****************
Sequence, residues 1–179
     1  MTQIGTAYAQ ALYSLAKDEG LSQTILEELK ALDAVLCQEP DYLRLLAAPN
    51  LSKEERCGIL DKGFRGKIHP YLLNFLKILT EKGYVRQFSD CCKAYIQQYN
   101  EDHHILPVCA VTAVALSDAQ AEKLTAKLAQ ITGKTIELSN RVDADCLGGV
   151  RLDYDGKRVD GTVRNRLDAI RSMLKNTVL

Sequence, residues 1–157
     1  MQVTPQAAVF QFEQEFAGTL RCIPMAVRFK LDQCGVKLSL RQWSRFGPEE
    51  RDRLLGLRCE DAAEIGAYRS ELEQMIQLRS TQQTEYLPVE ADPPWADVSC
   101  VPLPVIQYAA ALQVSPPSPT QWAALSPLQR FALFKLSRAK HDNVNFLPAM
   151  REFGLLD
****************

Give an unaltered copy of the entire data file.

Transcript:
Sequence, residues 1–179
     1  MTQIGTAYAQ ALYSLAKDEG LSQTILEELK ALDAVLCQEP DYLRLLAAPN
    51  LSKEERCGIL DKGFRGKIHP YLLNFLKILT EKGYVRQFSD CCKAYIQQYN
   101  EDHHILPVCA VTAVALSDAQ AEKLTAKLAQ ITGKTIELSN RVDADCLGGV
   151  RLDYDGKRVD GTVRNRLDAI RSMLKNTVL

Sequence, residues 1–157
     1  MQVTPQAAVF QFEQEFAGTL RCIPMAVRFK LDQCGVKLSL RQWSRFGPEE
    51  RDRLLGLRCE DAAEIGAYRS ELEQMIQLRS TQQTEYLPVE ADPPWADVSC
   101  VPLPVIQYAA ALQVSPPSPT QWAALSPLQR FALFKLSRAK HDNVNFLPAM
   151  REFGLLD